Bad Things Happen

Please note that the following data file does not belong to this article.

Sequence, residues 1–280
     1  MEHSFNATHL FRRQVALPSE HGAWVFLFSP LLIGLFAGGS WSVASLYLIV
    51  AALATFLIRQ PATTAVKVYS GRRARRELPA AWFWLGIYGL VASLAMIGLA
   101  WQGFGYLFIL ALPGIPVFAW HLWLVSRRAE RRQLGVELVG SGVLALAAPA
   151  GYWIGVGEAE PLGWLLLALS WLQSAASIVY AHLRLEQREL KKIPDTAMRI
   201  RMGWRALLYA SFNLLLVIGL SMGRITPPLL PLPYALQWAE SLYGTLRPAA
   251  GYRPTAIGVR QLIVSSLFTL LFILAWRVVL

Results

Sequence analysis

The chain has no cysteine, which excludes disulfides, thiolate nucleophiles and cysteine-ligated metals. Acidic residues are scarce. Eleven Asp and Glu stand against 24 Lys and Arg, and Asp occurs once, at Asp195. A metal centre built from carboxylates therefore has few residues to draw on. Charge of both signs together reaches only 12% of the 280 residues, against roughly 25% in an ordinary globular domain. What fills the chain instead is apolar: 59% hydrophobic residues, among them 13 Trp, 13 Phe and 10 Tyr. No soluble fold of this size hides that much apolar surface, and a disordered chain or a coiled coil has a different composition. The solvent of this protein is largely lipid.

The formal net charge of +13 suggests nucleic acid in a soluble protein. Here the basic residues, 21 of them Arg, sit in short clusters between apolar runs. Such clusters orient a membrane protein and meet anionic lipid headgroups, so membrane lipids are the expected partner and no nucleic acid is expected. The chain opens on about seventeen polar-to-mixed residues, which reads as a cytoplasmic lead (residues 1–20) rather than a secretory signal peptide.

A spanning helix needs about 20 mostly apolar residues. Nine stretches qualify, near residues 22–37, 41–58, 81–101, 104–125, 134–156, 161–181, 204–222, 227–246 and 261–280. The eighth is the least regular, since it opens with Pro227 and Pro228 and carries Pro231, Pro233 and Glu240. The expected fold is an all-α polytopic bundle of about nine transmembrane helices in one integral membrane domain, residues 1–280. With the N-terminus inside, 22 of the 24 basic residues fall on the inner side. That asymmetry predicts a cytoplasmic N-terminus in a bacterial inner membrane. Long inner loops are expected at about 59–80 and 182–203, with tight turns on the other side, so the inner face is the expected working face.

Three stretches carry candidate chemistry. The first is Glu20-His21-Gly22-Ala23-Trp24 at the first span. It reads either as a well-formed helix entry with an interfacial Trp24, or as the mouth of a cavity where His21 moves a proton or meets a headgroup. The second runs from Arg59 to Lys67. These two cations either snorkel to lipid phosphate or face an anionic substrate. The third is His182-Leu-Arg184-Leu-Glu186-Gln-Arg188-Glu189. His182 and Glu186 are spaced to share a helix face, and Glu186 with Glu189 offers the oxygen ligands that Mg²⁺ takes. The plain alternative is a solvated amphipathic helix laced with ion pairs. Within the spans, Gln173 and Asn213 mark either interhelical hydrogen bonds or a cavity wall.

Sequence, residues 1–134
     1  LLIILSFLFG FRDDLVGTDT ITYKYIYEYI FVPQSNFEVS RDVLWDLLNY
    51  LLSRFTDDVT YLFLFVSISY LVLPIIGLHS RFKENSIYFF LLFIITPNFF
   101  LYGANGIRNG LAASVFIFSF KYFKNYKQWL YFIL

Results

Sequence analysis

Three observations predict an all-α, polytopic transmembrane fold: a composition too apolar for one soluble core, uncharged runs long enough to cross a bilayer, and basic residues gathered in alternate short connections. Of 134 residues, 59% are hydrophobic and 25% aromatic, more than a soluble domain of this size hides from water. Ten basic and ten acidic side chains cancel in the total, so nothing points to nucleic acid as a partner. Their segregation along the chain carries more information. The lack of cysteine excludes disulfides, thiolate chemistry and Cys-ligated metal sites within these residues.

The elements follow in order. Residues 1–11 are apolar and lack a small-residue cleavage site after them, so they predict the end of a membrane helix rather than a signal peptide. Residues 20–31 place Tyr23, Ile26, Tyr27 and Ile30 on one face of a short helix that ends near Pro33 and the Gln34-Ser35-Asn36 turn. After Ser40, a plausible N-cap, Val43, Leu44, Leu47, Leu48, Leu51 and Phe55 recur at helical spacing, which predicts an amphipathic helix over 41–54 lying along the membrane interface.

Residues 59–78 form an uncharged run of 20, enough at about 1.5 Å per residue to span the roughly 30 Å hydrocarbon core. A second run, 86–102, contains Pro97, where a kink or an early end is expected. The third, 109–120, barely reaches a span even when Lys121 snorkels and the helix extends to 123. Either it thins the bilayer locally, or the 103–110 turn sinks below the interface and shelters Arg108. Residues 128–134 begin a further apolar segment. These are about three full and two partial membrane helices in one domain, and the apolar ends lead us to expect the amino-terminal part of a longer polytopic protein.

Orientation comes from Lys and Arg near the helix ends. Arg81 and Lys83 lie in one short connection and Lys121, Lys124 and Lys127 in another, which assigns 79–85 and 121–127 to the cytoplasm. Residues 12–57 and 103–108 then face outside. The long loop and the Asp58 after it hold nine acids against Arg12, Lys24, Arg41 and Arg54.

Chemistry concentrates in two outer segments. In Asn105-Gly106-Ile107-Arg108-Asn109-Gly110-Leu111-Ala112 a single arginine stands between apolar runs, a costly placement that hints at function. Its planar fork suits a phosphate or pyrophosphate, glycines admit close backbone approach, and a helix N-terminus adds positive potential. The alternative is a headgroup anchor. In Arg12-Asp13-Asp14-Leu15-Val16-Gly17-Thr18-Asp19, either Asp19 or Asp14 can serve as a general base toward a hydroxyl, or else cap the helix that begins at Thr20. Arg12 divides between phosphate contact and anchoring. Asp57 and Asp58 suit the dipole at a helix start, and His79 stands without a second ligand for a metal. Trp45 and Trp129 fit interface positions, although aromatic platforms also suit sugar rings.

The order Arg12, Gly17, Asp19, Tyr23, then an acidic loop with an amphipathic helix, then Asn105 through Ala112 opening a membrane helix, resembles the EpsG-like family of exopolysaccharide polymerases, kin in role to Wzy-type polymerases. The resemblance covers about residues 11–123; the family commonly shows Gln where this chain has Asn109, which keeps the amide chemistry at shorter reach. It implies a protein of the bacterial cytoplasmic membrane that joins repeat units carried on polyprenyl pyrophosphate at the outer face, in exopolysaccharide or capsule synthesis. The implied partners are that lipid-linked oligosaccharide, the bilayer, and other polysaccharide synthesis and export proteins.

Bad things can happen to good people, like when a drunk woman kept wrecking Lindsay Lohan’s car, but the title of “Divinity’s Most Abused Mortal” has to go to Job, whose ill fortune has been chronicled in the Old Testament, the New Testament, the Quran, the Doctrine and Covenants of the Mormon Church, and the “Cartmanland” episode of South Park.  (“All of Job’s children are killed, and Michael Bay gets to keep making movies.  There isn’t a God.”)  The scriptures agree that Job was a good and faithful man, tested by God, yet when Job demanded that He explain Himself, the Almighty beat around the proverbial (but in this case not the burning) bush.  God might as well have told Job exactly what he told Larry, not in the Old Testament but in the Old Joke.  After a run of appalling luck, Larry humbly petitioned the Lord for an explanation, to which God replied:  “I don’t know Larry, there’s just something about you that ticks me off.”